‘The Brady Bunch’ Actors Explained Why More Drama Didn’t Happen Between Cast on Set

by Joe Rutland

“The Brady Bunch” has proven to be a classic TV favorite for many years. Drama is one thing, though, that didn’t hamper the cast.

Why not? A lot of TV shows have been known to have so much drama on the set that it’s hurt them. Three of “The Brady Bunch” actors talked about the lack of it during an interview with the Australian TV’s Studio 10.

Susan Olsen, who played the youngest sister Cindy, said “only Maureen (McCormick) and Eve (Plumb)” had the drama between them.

“We didn’t have to share a bathroom,” Olsen said, referencing the classic critique of the show for only having one bathroom in the home.

‘The Brady Bunch’ Stars Say There Was Lot Of Adult Supervision On Set

“We got along well,” Mike Lookinland, who played the youngest brother Bobby on “The Brady Bunch,” said. “If there had been conflict, it would have been nipped in the bud.”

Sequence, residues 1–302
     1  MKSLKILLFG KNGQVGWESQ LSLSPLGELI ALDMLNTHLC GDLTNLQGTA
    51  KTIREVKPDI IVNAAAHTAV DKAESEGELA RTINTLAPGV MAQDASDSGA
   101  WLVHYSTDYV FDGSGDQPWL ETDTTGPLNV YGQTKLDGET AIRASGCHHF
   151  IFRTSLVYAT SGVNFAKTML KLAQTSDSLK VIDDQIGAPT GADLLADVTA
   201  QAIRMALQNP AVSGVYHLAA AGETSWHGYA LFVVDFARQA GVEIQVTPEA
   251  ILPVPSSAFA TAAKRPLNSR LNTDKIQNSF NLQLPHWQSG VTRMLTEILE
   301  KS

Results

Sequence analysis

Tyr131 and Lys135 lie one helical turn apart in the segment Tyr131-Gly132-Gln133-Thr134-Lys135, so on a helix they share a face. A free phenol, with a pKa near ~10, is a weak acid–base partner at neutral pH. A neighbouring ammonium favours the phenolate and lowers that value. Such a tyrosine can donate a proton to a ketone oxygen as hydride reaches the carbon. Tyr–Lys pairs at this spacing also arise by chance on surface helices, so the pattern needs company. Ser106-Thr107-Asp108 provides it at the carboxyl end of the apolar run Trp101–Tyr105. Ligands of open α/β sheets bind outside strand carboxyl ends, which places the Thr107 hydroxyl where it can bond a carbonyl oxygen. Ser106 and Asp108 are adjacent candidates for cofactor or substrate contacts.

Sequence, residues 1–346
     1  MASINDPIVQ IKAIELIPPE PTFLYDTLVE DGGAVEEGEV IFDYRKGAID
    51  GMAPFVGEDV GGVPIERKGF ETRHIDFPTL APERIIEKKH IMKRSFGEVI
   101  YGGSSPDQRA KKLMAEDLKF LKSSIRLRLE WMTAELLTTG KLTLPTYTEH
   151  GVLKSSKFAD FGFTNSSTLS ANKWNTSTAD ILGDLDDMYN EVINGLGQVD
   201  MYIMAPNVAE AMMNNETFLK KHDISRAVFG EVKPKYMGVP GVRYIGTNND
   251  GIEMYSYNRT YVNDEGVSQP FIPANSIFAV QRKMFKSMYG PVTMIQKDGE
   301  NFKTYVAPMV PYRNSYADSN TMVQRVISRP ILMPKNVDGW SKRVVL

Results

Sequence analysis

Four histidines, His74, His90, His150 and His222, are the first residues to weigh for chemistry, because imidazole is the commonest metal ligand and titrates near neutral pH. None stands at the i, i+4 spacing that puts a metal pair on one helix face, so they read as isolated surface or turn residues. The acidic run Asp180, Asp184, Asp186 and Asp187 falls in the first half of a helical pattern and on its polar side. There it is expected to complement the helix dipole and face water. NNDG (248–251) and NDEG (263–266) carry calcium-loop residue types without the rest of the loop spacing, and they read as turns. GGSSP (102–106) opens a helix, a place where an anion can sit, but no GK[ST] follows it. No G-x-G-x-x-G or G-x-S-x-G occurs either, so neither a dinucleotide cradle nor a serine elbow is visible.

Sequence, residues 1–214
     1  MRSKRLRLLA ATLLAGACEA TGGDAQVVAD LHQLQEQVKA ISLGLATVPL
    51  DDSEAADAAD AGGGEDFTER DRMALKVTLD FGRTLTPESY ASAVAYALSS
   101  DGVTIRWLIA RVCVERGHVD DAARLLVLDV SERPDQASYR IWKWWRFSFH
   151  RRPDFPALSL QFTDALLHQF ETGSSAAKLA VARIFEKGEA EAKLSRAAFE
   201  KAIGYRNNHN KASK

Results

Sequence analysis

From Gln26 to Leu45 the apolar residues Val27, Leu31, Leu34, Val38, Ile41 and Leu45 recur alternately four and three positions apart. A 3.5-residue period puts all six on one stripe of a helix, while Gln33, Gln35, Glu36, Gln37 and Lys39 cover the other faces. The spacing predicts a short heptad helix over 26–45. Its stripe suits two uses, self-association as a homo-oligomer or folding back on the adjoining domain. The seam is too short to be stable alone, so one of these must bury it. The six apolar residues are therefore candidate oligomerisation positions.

“We had a lot of adults around us,” Christopher Knight, who played middle brother Peter, said. “We had a lot of supervision,” Lookinland said. Olsen added, “We were good kids.”

Knight’s reference to adults might be a sign of respect toward “The Brady Bunch” adult stars. Robert Reed played Mike Brady, Florence Henderson played Carol Brady, and Ann B. Davis played Alice the housekeeper. All three, sadly, have died. Further, Barry Williams, who played older brother Greg, is now the oldest-living original cast member at 66 years old.

Show Creator Took Fatherly Attitude Toward Young Cast

Sherwood Schwartz, who created “The Brady Bunch,” wanted there to be a true family feel to the show. It was intentional on his part, Henderson said in an interview before she died in 2016.

“Well Sherwood Schwartz could tell you because I think he saw them all,” Henderson said in an interview with the Archive of American Television. “But he was very, I guess, fatherly to these kids. He really felt so close to them that he had such definite ideas about what they should do or shouldn’t do.

“I think as they grew and developed very definite ideas of their own, I think that was sometimes very hard for Sherwood,” she said.

Schwartz also created another TV sitcom that’s remained a favorite for decades in “Gilligan’s Island.” He spent time before creating both shows as a writer for other television shows, too.

Henderson died on Nov. 24, 2016, at 82 years old. Schwartz died on July 12, 2011, at 94 years old.

Their contributions to the medium of television, though, are never forgotten.